This year, Austin has seen more traffic deaths than any other year on record, with 92 people having died on the roadways in 2015 so far.
Last November, the Austin City Council commissioned the Vision Zero Task Force to find solutions for the perennial problem of traffic deaths, and Tuesday the task force outlined a draft of its proposals to the Austin City Council.
The task force’s ultimate goal is to eliminate traffic deaths and serious injuries on Austin roads. It’s a goal that member Francis Riley admitted isn’t one that’s quickly achieved, but has proven effective in other cities that have implemented the plan, which originated in Sweden in 1997. Riley likened the effort to curbs on once-accepted health hazards.
“[Vision Zero] looks at traffic deaths and injuries as a public health problem, and similar to smoking or not wearing a seatbelt,” Riley said. “The answer to it lies in raising awareness, educating people, making changes to our regulation and building safety into our design.”
Riley recommended a continuation of the task force, which had a November deadline to present its proposal to council, and also pushed for increased enforcement, broadening of data sharing between city and county agencies and an increase in media awareness campaigns similar to the city’s “Don’t Block the Box” campaign.
Council Member Ora Houston said it was important to bolster awareness but cautioned that the city should follow up and remain persistent in any campaign to maintain that awareness.
Council Member Don Zimmerman questioned the four-pronged plan, saying he objected to the policy objective because it was based on a “flawed” utopian premise.
“The reality is, transportation is moving people and things from point A to point B. That’s reality. Utopia says ‘I’m going to move people and have transportation with no fatalities.’ It’s false,” Zimmerman said. “When you start out with a false premise of something you’re trying to do, which is impossible to accomplish, that’s going to lead you down a path to a bunch of terrible, unintended consequences.”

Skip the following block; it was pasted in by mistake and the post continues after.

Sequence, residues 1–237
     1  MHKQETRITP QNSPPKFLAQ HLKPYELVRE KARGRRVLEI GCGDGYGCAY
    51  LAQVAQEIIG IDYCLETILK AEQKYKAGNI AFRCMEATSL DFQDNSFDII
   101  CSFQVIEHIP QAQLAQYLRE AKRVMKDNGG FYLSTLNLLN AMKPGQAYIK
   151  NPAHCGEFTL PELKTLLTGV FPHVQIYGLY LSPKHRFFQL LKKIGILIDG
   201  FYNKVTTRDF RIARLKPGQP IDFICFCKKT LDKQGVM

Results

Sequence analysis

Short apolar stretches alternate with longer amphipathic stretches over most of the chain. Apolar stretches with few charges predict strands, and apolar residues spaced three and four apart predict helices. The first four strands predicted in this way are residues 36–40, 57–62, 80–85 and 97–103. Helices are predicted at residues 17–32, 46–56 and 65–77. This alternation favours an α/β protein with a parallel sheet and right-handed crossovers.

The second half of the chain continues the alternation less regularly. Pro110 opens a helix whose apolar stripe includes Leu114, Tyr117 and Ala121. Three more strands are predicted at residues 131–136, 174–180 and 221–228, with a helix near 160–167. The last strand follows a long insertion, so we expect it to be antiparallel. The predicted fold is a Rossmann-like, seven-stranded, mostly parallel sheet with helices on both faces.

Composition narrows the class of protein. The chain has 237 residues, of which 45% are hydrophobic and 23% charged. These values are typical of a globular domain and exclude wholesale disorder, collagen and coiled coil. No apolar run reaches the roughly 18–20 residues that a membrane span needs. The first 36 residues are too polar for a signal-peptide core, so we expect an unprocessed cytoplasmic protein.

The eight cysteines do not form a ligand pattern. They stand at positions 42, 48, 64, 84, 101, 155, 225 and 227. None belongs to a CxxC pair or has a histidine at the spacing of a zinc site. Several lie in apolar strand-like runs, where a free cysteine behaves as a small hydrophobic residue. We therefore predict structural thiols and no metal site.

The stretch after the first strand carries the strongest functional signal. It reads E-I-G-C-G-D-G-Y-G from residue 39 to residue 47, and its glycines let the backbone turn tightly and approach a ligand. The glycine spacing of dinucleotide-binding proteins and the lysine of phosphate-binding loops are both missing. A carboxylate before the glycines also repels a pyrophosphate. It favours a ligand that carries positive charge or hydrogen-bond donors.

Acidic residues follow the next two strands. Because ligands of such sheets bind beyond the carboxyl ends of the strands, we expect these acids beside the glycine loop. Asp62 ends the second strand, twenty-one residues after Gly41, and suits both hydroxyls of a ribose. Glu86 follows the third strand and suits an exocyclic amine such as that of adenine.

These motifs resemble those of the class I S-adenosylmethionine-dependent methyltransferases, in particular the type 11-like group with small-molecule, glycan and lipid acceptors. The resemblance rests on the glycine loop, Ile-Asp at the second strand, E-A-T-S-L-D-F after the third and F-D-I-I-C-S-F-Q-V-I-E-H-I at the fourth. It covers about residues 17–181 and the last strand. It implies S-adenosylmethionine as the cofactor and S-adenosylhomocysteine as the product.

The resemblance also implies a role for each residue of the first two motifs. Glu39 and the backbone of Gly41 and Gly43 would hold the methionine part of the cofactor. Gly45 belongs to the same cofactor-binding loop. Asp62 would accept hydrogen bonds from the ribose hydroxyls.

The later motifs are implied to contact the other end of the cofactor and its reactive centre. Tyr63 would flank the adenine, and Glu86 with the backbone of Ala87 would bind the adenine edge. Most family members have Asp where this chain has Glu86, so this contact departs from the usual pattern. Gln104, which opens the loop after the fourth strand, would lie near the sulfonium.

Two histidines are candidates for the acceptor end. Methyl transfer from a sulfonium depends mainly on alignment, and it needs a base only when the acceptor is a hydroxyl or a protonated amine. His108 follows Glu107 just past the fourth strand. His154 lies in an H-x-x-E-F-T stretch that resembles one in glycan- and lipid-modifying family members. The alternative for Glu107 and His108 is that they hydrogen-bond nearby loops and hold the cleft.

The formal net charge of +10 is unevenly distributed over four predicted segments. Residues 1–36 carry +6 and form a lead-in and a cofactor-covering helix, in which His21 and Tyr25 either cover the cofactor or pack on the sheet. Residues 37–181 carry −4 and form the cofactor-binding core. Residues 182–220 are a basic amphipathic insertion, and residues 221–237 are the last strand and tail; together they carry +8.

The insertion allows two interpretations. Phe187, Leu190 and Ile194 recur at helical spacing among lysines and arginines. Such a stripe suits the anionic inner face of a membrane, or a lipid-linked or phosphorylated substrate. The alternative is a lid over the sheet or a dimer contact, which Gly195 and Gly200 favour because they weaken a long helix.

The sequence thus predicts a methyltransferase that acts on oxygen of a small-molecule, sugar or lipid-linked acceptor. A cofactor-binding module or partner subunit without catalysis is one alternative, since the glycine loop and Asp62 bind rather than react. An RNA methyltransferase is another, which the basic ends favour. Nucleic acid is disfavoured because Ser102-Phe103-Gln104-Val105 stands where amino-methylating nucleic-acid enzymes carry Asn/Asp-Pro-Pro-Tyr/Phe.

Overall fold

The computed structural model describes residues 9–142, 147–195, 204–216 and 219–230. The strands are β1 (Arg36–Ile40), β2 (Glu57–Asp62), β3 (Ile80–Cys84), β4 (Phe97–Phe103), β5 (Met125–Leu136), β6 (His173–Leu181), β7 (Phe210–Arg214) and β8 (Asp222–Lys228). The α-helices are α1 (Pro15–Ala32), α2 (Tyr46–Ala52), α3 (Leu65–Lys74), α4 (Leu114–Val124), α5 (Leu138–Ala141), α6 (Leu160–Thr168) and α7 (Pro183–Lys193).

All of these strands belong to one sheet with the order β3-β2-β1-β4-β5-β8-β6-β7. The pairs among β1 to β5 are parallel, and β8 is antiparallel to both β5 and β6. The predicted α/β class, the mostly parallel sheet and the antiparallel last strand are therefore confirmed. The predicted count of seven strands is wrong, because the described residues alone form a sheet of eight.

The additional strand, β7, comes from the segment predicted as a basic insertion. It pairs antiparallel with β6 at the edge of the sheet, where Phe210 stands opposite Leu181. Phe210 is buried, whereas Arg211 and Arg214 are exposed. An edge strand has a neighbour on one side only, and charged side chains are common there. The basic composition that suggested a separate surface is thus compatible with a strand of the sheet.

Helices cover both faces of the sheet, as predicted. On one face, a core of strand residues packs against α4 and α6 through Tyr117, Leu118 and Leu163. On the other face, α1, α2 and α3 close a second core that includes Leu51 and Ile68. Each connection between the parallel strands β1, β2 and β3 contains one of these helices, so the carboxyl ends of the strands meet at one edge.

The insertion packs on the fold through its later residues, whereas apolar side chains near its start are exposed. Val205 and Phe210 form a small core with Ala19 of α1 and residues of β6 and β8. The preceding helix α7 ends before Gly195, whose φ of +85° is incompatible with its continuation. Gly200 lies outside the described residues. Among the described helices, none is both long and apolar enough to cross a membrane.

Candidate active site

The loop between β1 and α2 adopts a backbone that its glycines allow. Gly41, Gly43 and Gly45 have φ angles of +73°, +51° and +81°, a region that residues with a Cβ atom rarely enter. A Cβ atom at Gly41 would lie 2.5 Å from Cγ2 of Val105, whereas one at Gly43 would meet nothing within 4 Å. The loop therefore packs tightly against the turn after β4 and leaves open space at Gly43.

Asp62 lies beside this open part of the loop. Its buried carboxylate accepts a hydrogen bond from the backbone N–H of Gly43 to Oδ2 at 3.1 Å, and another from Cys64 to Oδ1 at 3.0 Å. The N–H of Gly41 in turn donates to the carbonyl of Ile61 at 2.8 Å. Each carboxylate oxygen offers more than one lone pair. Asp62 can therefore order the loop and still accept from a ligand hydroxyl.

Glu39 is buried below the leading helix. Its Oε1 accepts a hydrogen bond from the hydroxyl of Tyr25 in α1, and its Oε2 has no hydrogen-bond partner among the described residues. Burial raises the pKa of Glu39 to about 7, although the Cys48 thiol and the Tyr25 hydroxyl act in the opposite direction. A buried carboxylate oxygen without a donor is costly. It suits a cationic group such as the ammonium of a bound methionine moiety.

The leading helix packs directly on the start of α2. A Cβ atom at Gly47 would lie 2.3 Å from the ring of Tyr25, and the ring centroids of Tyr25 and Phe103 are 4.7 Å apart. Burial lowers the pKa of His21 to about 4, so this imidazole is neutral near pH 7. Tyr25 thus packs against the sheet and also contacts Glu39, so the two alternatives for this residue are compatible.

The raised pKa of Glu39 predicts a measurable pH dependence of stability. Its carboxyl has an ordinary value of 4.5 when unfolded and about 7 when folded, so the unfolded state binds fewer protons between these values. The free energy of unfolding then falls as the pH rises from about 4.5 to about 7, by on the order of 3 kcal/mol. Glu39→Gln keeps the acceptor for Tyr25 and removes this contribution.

Acting Assistant Director of Traffic Management for the Austin Transportation Department Jim Dale admitted the undertaking would be a regional effort and would require involvement and awareness from everyone on the road. He said the Transportation Department has been successful in trying quick fixes – like tweaks in light-timing for protected left turns at problematic intersections and temporary fixes that don’t require extensive overhauls of busy streets – but that the effort, in the short- and long-term, will still likely cause some traffic.
“When we’re increasing safety, in some cases, we may be reducing mobility,” Dale said. “So, there is this somewhat of a balance between the two.”
The Vision Zero Task Force will present again before the city’s Public Safety Committee in January.